In this connection the trial court found first, that the defendant on different occasions promised to settle his accounts with plaintiff, and second, that plaintiff on several occasions attempted to get defendant to settle but defendant neglected to do so. The trial court did not find specifically that defendant was acting in bad faith. However, defendant was neglecting to meet the condition upon which his right to a lease of the premises depended, knowing that plaintiff was demanding that he meet such condition, and thereby fulfill his part of the agreement which entitled him to a lease. Had he met this condition there is nothing in the record to indicate other than that plaintiff would have kept his part of the agreement and leased the premises to defendant. Under these circumstances defendant is in an unfavorable position to claim an estoppel since this doctrine "is founded upon principles of morality and fair dealing." 19 Am.Jur., Estoppel, ยง 86. But we do not rest our decision upon this ground.

Essential to an estoppel is a reliance by the person claiming the estoppel upon the words, acts or conduct of the party against whom the estoppel is asserted. As stated by this court in the case of Iowa Guarantee Mortgage Corp. v. General Motors Acceptance Corp., 62 S.D. 18, 250 N.W. 669, 670, "To create an estoppel, there must have been some act or conduct upon the part of the party to be estopped which has in some manner misled the party in whose favor the estoppel is sought and has caused such party to do some act relying upon the conduct of the party to be estopped, thus creating a condition that would make it inequitable to allow the guilty party to claim what would otherwise be his legal rights."

Under the findings of the trial court we are unable to conclude that defendants' acts were performed relying upon a belief that he had a lease. Defendant was specifically advised that his right to a lease was dependent upon the settlement of his account with plaintiff, which settlement he neglected to make. The trial court having accepted plaintiff's version of the dealings between the parties, this version is, of course, binding on the defendant. Defendant's position under this version of the testimony is simply that he expected to lease the premises when his account with plaintiff was settled and went ahead with the farming based on this expectation. These acts under these circumstances do not constitute a basis for an estoppel. Laabs v. Scholl, 43 S.D. 515, 180 N.W. 963; Palen v. Pierce, 44 S.D. 316, 183 N.W. 973.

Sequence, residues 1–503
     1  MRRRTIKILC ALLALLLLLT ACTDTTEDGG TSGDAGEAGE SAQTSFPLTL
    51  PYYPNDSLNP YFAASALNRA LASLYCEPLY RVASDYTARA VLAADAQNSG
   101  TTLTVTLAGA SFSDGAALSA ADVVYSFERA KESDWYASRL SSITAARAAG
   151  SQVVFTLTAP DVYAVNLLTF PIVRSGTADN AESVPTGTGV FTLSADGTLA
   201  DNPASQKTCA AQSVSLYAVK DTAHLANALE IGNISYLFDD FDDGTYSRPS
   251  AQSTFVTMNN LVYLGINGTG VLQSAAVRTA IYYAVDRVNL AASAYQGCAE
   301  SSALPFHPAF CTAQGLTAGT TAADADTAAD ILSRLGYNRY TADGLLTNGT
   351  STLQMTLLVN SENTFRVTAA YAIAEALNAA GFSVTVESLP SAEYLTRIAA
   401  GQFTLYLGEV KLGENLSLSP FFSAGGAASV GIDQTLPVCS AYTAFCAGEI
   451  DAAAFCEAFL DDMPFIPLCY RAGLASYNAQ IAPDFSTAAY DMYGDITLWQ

The trial court allowed defendant the value of all work performed and all expense in preparing and seeding the land. This was the proper measure of damages under the rule established in Laabs v. Scholl, supra.

Appellant complains because the trial court, after the case was first submitted, permitted plaintiff to amend his complaint and submit additional testimony. Permitting or refusing amendments to pleadings and reopening a case is largely discretionary with the trial court. The amendment of the pleadings simply conformed to proof already in the record. Evidence presented after the case was reopened was not prejudicial to defendant. Under these circumstances we cannot hold there the trial court abused its discretion.

The judgment appealed from is affirmed.

SMITH and RENTTO, JJ., concur.

*365 ROBERTS, P. J., and HANSON, J., dissent.

HANSON, Judge (dissenting).

I am unable to concur in the majority opinion. Conceding that the execution of a written contract and settlement of accounts were conditions precedent to an effective lease they, nevertheless, were conditions that could be, and were, waived by the plaintiff. His actions and conduct speak more clearly in this regard than do his contradictory pleadings and testimony. The terms of the lease were fully agreed upon by the parties which distinguishes the instant case from that of Palen v. Pierce, 44 S.D. 316, 183 N.W. 973. Performance of the conditions was not deemed essential to a lease until after the altercation between the parties in March, 1955. Until then the defendant occupied the farm land, in all respects, as a lessee with the full knowledge, approval and consent of the plaintiff. The plaintiff even directed some of the fall planting operations. He waited an unreasonable length of time to demand performance of the conditions precedent. He should now be estopped from taking a position inconsistent with his acts and conduct. The cause should be remanded for further proceedings.

ROBERTS, P. J., concurs in this dissent.